# 0.1: What is Discrete Mathematics?

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dis·crete / dis'krët.

*Adjective*: Individually separate and distinct.

*Synonyms*: separate - detached - distinct - abstract.

Defining *discrete mathematics* is hard because defining *mathematics* is hard. What is mathematics? The study of numbers? In part, but you also study functions and lines and triangles and parallelepipeds and vectors and …. Or perhaps you want to say that mathematics is a collection of tools that allow you to solve problems. What sort of problems? Okay, those that involve numbers, functions, lines, triangles, …. Whatever your conception of what mathematics is, try applying the concept of “discrete” to it, as defined above. Some math fundamentally deals with *stuff* that is individually separate and distinct.

In an algebra or calculus class, you might have found a particular set of numbers (maybe the set of numbers in the range of a function). You would represent this set as an interval: \([0,\infty)\) is the range of \(f(x) = x^2\) since the set of outputs of the function are all real numbers 0 and greater. This set of numbers is NOT discrete. The numbers in the set are not separated by much at all. In fact, take any two numbers in the set and there are infinitely many more between them which are also in the set. Discrete math could still ask about the range of a function, but the set would not be an interval. Consider the function which gives the number of children of each person reading this. What is the range? I'm guessing it is something like \(\{0, 1, 2, 3\}\text{.}\) Maybe 4 is in there too. But certainly there is nobody reading this that has 1.32419 children. This set *is* discrete because the elements are separate. Also notice that the inputs to the function are a discrete set as each input is an individual person. You would not consider fractional inputs (we don't care about anything \(2/3\) between a pair of readers).

One way to get a feel for the subject is to consider the types of problems you solve in discrete math. Here are a few simple examples:

Investigate!

*Note: Throughout the text you will see Investigate! activities like this one. Answer the questions in these as best you can to give yourself a feel for what is coming next.*

- The most popular mathematician in the world is throwing a party for all of his friends. As a way to kick things off, they decide that everyone should shake hands. Assuming all 10 people at the party each shake hands with every other person (but not themselves, obviously) exactly once, how many handshakes take place?
- At the warm-up event for Oscar's All Star Hot Dog Eating Contest, Al ate one hot dog. Bob then showed him up by eating three hot dogs. Not to be outdone, Carl ate five. This continued with each contestant eating two more hot dogs than the previous contestant. How many hot dogs did Zeno (the 26th and final contestant) eat? How many hot dogs were eaten all together?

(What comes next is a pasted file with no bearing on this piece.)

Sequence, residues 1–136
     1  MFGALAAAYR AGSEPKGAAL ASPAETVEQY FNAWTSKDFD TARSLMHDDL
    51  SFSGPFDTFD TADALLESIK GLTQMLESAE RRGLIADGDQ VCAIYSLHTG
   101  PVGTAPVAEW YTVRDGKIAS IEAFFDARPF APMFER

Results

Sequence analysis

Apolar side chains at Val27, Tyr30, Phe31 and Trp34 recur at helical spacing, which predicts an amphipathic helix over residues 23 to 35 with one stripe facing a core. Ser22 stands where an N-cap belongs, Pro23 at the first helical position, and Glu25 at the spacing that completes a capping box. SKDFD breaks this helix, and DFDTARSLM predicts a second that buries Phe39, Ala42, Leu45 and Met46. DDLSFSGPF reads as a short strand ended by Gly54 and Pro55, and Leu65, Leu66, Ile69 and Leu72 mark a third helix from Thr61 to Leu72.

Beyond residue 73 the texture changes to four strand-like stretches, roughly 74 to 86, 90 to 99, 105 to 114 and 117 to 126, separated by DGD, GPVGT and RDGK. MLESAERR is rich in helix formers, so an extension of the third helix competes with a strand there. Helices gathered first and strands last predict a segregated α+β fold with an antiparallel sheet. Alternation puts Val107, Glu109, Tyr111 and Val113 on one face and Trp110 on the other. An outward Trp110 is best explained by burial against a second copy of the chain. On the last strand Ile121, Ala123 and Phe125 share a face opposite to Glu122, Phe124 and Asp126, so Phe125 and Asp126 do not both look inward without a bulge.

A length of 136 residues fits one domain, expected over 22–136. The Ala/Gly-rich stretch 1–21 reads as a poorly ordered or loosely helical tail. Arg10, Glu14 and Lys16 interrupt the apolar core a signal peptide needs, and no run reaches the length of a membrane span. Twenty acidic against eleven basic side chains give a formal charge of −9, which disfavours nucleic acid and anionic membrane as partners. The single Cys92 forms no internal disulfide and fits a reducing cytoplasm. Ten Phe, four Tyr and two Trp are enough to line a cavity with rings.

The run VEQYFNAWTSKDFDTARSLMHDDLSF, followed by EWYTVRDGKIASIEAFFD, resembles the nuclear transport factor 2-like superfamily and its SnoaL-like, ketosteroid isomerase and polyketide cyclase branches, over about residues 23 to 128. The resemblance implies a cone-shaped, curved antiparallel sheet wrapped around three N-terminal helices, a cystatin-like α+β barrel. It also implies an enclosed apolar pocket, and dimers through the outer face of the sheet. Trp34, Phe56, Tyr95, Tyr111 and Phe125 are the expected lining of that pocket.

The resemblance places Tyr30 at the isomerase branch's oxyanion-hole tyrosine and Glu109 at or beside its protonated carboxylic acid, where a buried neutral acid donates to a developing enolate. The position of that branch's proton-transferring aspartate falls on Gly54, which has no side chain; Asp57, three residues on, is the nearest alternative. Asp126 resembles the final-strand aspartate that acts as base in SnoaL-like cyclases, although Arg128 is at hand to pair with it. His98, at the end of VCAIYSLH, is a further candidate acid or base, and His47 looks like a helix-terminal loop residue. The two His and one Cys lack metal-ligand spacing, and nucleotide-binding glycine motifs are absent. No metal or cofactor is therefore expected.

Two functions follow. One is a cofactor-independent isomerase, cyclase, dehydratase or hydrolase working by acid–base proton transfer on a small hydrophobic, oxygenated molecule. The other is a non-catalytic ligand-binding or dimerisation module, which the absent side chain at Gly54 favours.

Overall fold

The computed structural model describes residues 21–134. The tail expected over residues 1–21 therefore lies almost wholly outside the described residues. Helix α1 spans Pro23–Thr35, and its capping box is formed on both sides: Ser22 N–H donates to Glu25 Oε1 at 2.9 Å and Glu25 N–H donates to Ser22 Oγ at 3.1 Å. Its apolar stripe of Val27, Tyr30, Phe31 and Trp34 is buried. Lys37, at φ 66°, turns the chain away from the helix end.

- After excavating for weeks, you finally arrive at the burial chamber. The room is empty except for two large chests. On each is carved a message (strangely in English):

You know exactly one of these messages is true. What should you do?

- Back in the days of yore, five small towns decided they wanted to build roads directly connecting each pair of towns. While the towns had plenty of money to build roads as long and as winding as they wished, it was very important that the roads not intersect with each other (as stop signs had not yet been invented). Also, tunnels and bridges were not allowed. Is it possible for each of these towns to build a road to each of the four other towns without creating any intersections?

One reason it is difficult to define discrete math is that it is a very broad description which encapsulates a large number of subjects. In this course we will study four main topics: combinatorics (the theory of ways things *combine*; in particular, how to count these ways), sequences, symbolic logic, and graph theory. However, there are other topics that belong under the discrete umbrella, including computer science, abstract algebra, number theory, game theory, probability, and geometry (some of these, particularly the last two, have both discrete and non-discrete variants).

Ultimately the best way to learn what discrete math is about is to *do* it. Let's get started! Before we can begin answering more complicated (and fun) problems, we must lay down some foundation. We start by reviewing mathematical statements, sets, and functions in the framework of discrete mathematics.